With “Ego” out in the world, what’s next on the horizon for the band? Any juicy details you can share about upcoming projects or performances that have you buzzing?

As mentioned, we have a lot of new music to share in the near future. We have our second headline show at the Oxford Art Factory on the 17th of Feb – With The Happiest Kind of Sad and Will Baker – two of our favourite Sydney artists. We are booked on a few festival bills later in the year as well (yet to be announced) which we are absolutely stoked about. We will also announce an EP launch show for June this year. There’s plenty to be excited about for the near future.

Balancing authenticity with growth is key for any artist. Can you share a time when you had to make a creative decision that pushed you out of your comfort zone but ultimately paid off?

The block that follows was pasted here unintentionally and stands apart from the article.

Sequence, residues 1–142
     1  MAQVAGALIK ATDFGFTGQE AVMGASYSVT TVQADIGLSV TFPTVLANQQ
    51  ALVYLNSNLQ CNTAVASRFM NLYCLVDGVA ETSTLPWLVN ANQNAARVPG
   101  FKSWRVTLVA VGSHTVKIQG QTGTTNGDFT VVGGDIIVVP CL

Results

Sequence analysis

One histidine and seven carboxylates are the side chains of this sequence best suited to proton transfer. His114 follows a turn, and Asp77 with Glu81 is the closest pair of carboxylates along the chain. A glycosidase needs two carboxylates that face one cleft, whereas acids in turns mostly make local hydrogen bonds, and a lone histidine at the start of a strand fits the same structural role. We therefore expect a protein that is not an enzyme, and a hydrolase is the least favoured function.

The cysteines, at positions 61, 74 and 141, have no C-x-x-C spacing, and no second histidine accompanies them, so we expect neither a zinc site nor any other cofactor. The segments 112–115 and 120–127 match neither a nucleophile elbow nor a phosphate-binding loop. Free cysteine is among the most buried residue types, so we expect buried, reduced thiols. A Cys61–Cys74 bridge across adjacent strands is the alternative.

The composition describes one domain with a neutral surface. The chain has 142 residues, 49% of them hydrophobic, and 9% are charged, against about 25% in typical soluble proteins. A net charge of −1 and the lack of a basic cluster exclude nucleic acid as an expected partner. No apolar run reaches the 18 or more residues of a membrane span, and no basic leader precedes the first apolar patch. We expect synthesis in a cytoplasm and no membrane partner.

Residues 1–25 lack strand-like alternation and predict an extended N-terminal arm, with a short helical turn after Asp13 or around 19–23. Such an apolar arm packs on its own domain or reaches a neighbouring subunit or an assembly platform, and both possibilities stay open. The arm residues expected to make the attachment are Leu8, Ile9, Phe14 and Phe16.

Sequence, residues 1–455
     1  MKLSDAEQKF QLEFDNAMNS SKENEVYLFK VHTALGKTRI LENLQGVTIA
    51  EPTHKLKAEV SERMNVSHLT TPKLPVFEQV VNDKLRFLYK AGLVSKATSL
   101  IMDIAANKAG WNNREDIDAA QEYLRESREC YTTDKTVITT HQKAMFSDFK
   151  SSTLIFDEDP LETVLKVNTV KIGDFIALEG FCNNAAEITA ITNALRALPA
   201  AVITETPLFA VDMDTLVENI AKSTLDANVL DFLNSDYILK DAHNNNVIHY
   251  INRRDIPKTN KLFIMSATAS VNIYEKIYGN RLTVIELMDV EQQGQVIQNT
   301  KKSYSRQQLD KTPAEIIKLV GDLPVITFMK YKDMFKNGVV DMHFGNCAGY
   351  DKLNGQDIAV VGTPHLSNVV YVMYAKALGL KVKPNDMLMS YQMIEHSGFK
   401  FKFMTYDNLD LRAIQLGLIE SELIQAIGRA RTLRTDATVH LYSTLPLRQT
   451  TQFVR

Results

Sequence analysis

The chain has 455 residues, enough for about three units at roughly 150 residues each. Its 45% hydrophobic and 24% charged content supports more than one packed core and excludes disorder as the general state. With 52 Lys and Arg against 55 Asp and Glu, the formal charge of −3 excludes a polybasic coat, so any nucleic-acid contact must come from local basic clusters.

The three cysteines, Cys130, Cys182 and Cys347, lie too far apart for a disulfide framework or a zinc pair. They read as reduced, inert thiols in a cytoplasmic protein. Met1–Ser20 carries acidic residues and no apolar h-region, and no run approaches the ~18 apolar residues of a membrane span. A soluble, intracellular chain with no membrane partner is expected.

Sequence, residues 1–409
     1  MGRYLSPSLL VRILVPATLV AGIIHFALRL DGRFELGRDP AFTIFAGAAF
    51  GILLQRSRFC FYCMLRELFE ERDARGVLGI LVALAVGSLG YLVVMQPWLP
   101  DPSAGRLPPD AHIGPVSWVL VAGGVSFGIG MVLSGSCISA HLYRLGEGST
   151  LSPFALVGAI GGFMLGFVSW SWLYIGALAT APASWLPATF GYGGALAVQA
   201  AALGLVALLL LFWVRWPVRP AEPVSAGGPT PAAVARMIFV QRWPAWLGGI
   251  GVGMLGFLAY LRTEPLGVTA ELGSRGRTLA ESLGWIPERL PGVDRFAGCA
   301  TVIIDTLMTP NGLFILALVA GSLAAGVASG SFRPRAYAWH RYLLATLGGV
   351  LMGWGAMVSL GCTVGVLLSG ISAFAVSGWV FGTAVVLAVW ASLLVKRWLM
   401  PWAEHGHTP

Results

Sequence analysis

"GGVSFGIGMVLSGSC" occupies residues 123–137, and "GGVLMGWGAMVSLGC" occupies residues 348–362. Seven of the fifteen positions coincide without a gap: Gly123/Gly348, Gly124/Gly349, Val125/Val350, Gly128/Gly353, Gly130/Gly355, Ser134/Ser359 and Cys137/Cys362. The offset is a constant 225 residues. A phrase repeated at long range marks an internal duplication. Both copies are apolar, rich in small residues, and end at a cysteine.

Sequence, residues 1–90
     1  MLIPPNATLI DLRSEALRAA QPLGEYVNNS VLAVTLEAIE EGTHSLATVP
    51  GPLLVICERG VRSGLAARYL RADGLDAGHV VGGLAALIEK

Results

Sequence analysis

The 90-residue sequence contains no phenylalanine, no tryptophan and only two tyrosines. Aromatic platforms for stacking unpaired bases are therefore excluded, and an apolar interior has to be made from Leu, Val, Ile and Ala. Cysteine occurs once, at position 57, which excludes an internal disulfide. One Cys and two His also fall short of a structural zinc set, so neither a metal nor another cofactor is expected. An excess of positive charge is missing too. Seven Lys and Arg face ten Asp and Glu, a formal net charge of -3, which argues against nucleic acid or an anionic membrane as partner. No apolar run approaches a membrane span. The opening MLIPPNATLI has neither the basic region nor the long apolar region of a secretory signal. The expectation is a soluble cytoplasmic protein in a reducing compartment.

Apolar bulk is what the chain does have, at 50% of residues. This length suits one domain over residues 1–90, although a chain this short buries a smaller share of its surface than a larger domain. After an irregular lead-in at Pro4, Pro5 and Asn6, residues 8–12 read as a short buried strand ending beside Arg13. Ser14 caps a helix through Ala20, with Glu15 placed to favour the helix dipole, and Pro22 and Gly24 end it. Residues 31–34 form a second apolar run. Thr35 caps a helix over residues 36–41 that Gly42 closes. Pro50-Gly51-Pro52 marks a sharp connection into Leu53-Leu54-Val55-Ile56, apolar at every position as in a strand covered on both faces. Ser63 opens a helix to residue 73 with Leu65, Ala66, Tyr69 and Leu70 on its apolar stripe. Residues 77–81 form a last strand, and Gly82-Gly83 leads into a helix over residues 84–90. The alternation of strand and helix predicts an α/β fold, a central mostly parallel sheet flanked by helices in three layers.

We make risky decisions all the time throughout the writing process and in the studio. We are all super open-minded and we operate under the “no idea is a bad idea” philosophy. If anyone has an idea that we aren’t sure about we will always try it or at least discuss it. We’ve found that until an idea is tangible/listenable it shouldn’t be shut down. This pays off all the time, particularly when testing whacky synth sounds or extra percussion, or vocal or guitar adlibs on recording days. 

One moment that comes to mind was in the studio recording a currently unreleased track for the EP. We wanted to create a super chaotic atmosphere and we were stacking heaps of layers in the mix. For one of the stacks, all four of us gathered around a single guitar and recorded the most random, spontaneous things we could – focussing on the push and pull of energy rather than precise guitar melodies. This had a huge impact on the section and measurably elevated the song.

The themes in “Ego” feel deeply relatable yet profound. How do you hope listeners connect with the song on a personal level, and what message do you hope they take away from it?